Leadership Matters: What CEOs don’t know can hurt their credit unions

Adequate executive oversight, accountability, engagement and development are crucial.

In his well-known book The E-Myth Revisited, Michael Gerber shares this example: Small business owner Sarah is spending too much time working “in” her business, and not enough time “on” it. Her coach directs her to spend more time as the strategist, entrepreneur and systems designer rather than as worker bee.

The aim, of course, is to strike a balance in working in/on your business. In the credit union world, some CEOs constantly work “in” the business with little, if any, strategic inclination. In this article, though, I’ll focus on the pitfalls that may arise for credit unions with chief executives at the other end of the spectrum—those who work “on” or even “above” their business to the point that they miss important components of the operation. Some CEOs either spend significant time away from their credit unions or have created so many organizational layers beneath them that they are unaware of crucial operational details.

In short, what CEOs don’t know can hurt their organizations. Let’s consider four examples of what can go awry when chief executives don’t spend enough time in the business.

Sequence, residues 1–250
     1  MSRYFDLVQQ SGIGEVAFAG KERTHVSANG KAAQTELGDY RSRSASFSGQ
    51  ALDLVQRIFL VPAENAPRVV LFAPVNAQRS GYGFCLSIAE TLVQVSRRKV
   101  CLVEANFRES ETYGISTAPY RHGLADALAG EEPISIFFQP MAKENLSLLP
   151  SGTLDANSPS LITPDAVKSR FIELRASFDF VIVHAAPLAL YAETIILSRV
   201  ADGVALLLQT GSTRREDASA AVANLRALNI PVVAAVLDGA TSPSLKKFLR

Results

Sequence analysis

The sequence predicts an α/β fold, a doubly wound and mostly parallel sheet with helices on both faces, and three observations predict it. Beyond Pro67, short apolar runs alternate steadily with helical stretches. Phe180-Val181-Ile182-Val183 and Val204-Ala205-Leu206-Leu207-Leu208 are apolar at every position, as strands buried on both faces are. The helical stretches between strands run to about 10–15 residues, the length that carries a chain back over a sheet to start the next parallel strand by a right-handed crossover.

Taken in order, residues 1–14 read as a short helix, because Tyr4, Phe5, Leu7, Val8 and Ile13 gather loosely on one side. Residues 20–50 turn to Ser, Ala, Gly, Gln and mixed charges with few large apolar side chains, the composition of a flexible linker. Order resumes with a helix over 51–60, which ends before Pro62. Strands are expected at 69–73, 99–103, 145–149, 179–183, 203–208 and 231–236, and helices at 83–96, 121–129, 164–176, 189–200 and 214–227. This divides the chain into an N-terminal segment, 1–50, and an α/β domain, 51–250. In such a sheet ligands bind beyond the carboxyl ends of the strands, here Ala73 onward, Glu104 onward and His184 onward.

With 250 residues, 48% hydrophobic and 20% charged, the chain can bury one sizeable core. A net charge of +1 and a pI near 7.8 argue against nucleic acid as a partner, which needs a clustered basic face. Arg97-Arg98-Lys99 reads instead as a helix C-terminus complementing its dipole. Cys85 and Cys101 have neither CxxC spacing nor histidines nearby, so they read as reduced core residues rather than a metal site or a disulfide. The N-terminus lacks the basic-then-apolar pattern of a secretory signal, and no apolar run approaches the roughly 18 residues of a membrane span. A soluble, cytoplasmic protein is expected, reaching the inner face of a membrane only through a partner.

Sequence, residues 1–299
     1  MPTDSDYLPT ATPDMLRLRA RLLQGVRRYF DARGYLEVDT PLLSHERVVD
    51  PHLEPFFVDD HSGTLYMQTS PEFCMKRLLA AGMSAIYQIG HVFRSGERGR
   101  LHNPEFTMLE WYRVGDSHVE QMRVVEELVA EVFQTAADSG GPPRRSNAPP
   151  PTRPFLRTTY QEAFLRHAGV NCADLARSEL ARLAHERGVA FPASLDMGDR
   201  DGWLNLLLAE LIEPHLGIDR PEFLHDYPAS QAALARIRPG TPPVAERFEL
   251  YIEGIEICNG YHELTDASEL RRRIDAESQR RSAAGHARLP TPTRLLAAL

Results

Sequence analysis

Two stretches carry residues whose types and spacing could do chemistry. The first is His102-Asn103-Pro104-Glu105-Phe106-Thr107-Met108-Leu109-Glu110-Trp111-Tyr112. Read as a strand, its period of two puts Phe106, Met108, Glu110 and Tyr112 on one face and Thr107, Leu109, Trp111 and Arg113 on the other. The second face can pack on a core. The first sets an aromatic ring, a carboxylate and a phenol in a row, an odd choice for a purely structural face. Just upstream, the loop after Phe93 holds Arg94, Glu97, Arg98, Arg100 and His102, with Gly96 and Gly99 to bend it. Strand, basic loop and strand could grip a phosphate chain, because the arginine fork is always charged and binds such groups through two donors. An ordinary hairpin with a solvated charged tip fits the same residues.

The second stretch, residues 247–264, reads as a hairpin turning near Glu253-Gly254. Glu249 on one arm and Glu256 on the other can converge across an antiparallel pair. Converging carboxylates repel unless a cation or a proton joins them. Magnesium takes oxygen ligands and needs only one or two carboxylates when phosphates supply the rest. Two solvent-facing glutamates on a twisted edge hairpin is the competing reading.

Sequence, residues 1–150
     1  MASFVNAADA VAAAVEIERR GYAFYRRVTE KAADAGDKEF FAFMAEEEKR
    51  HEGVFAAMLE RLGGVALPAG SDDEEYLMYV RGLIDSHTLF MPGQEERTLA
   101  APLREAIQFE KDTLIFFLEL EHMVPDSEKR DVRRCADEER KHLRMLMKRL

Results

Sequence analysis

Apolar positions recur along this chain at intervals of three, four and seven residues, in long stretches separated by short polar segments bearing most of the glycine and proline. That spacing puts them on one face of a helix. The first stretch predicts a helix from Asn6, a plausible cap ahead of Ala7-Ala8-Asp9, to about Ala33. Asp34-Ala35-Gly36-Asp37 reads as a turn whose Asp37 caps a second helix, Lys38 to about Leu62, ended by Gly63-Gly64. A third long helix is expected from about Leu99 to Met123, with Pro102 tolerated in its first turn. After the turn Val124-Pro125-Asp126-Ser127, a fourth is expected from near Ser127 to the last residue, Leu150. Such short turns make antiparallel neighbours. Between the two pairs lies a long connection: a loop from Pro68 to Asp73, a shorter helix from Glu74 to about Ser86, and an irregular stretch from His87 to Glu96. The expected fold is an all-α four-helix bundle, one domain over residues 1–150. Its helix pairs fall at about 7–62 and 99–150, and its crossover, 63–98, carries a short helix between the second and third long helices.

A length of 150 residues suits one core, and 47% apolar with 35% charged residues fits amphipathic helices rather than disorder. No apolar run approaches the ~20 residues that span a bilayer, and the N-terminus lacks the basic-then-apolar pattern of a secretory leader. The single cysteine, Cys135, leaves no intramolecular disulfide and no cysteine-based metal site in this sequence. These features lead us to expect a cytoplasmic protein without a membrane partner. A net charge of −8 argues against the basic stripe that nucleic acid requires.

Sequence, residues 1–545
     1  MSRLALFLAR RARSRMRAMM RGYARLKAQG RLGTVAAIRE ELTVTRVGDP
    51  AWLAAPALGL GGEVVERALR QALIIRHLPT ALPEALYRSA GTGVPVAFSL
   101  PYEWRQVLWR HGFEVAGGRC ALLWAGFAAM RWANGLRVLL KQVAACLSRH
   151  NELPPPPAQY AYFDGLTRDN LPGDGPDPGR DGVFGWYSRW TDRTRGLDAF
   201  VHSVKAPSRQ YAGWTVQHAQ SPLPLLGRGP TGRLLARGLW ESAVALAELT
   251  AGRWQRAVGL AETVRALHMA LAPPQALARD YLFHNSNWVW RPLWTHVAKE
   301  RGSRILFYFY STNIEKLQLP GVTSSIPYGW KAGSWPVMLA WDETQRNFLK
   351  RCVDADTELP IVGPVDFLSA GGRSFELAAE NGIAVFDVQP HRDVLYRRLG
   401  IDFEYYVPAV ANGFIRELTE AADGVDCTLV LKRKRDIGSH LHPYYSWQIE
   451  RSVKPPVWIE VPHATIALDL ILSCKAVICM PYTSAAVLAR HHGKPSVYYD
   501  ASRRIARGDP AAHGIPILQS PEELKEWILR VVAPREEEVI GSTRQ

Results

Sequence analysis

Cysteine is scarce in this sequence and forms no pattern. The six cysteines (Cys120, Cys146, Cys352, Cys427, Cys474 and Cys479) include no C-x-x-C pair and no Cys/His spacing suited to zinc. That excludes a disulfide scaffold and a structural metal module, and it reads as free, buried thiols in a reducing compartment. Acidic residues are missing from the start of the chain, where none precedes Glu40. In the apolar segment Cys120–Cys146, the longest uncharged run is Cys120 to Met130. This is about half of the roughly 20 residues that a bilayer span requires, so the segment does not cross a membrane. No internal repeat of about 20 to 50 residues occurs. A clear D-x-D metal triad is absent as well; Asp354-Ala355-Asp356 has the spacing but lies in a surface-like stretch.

The Info Tech Smokescreen

Several years ago, a bank decided to build a data warehouse to make its customer data more accessible and useful for employees. This multi-million-dollar decision originated at the executive committee level. Unfortunately, the project languished for several years and became one of those all-too-common examples of a failed data warehouse initiative. It failed because the CEO did not hold his direct report, the CIO, accountable. Both executives shared the blame for this failure, the CIO for “blowing smoke” about the project and the CEO for not providing adequate executive direction and oversight. Though the initiative was recognized as having enormous strategic potential, it died because the CEO did not demand key metrics, deadlines and accountabilities from the CIO.

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